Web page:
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The Friday Five 8.10.21

Published on: 8 Oct 2021

The Friday Five 8.10.21

Five pillars of Islam. Five vowels in the English alphabet. Five Olympic rings. Five lines in a limerick. Five digits on each hand. Five planning jobs on a Friday. Yes, it's the Friday Five, as meaningful, as iconic, as irreducible as all of the above. Five is the magic number.


Location:  Tiverton, Devon

The job: "We are looking for an enthusiastic candidate to fill the post of principal planning officer, within a small team of planning officers responsible for development management issues covering part of the Mid Devon District.

"You will process a wide range of more complex planning casework within a defined area of the district, and provide advice on planning matters to users of the service and interested parties. You will also advise from a DM perspective on the preparation of policy guidance and documents as necessary. 

"The successful applicant will fulfil an important role within the area team providing assistance to the area team leaders and development manager and will represent the district council at public inquiries and informal hearings as necessary."

Poltergeist [square]Fun fact: Sampford Peverell, in Mid Devon, is home to one of the strangest - and still unresolved - ghost stories in English history. Indeed, the Sampford Poltergeist was reported widely in the newspapers of the day and at least two pamphlets, with wonderful titles such asSampford Ghost!!! A Full Account of the Conspiracy at Sampford Peverell, near Tiverton; Containing the Particulars of the Pretended Visitations of the Monster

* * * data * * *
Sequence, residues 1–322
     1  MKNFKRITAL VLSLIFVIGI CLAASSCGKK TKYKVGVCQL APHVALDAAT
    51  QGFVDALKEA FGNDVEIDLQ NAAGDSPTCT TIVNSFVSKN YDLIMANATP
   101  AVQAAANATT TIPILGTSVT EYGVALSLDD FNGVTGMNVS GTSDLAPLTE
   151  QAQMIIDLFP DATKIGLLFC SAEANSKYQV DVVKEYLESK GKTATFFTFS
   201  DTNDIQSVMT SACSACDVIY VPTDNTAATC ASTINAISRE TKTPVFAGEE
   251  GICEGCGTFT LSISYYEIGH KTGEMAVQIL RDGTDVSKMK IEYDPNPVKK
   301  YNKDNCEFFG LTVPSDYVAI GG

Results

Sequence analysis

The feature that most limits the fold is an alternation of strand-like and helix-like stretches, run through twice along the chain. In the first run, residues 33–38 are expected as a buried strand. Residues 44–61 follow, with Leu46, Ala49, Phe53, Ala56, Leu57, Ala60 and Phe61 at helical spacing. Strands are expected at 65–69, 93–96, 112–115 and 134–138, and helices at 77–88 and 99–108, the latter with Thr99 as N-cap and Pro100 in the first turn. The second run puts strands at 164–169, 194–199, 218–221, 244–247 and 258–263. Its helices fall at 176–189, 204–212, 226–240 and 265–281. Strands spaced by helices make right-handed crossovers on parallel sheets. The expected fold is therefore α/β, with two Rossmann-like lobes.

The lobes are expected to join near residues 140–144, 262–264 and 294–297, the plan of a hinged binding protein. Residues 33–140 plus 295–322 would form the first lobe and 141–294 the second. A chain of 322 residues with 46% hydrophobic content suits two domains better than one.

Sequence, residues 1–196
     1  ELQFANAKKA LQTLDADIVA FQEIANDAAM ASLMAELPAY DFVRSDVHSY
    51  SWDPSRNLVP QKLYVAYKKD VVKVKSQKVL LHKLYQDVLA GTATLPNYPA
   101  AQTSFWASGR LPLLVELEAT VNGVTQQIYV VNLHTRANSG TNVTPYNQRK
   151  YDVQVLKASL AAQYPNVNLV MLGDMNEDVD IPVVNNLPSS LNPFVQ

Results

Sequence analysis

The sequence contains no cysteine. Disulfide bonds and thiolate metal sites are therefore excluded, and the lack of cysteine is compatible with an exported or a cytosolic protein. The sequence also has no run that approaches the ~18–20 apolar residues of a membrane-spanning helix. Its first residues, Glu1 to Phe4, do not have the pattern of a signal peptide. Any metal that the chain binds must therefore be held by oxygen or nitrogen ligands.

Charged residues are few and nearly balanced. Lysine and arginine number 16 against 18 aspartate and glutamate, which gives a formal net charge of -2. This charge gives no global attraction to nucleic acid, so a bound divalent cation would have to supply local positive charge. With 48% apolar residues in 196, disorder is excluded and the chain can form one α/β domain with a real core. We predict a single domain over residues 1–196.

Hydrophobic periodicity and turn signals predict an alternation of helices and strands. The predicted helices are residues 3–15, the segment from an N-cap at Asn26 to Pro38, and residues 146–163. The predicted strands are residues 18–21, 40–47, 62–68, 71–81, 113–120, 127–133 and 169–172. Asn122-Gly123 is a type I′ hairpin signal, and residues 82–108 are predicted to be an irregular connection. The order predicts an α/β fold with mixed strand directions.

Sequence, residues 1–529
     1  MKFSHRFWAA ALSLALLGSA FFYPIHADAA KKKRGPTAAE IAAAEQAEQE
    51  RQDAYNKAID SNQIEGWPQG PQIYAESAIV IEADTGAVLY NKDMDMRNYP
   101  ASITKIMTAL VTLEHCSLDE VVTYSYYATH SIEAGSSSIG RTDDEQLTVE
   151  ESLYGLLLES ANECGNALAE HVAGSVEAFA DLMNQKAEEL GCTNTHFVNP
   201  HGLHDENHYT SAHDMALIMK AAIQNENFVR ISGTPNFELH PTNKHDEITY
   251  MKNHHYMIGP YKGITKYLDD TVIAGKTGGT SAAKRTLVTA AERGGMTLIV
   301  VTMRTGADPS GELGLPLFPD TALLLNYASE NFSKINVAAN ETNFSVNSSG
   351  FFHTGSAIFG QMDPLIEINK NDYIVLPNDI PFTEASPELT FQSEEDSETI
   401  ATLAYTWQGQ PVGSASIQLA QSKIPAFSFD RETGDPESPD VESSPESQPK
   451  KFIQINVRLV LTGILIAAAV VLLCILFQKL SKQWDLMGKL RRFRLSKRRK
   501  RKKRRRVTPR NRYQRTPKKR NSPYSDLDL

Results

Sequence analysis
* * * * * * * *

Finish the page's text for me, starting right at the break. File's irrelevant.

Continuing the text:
The facts of the case seem to be that a John Chave and his family arranged to move into a house owned by a Mr Talley. The pair reached an agreement that Talley would carry out repairs to the house before Chave moved in. Almost from the moment they took up residence, however, Chave and his family were subject to near nightly hauntings that became increasingly violent - mostly against the family domestic servants.

Various people investigated; all had disturbing experiences. Some claimed a ghost, others a hoax. A local newspaper editor claimed that the 'haunting' originated in a dispute between Chave and a painter he had employed to smarten up the property. Chave had objected to the man's bill; in return, the painter vowed to make the house uninhabitable. Another story was that Chave was at risk of eviction and so manufactured the hoax so as to put off any future tenants and remain in the property himself. Yet another that the landlord had installed a false wall to conceal smuggling activities. 

On one occasion Chave was attacked by a mob and shot a man dead while defending himself. In any case, the story seems never to have been satisfactorily resolved and remains a strange tale in the annals of a small town in Devon that has never quite been forgotten.

Read more: The Sampford Ghost of 1810

Find out more and apply


Location: Ashford, Kent

The job: "We are looking for organised individual with good time management skills to support the placemaking team Leader on a number of specific projects that relate to the wider placemaking/ quality development agenda including development plan policy formulation, the creation of supporting planning documents, alongside researching new areas of innovation in areas such as climate change and urban design.

"You will also be required to analyse approved plans relating to components of good placemaking (buildings, spaces around buildings, streets public realm , open space areas, and key landscaping features) and monitor how successfully they are being implemented on key development sites as they are constructed."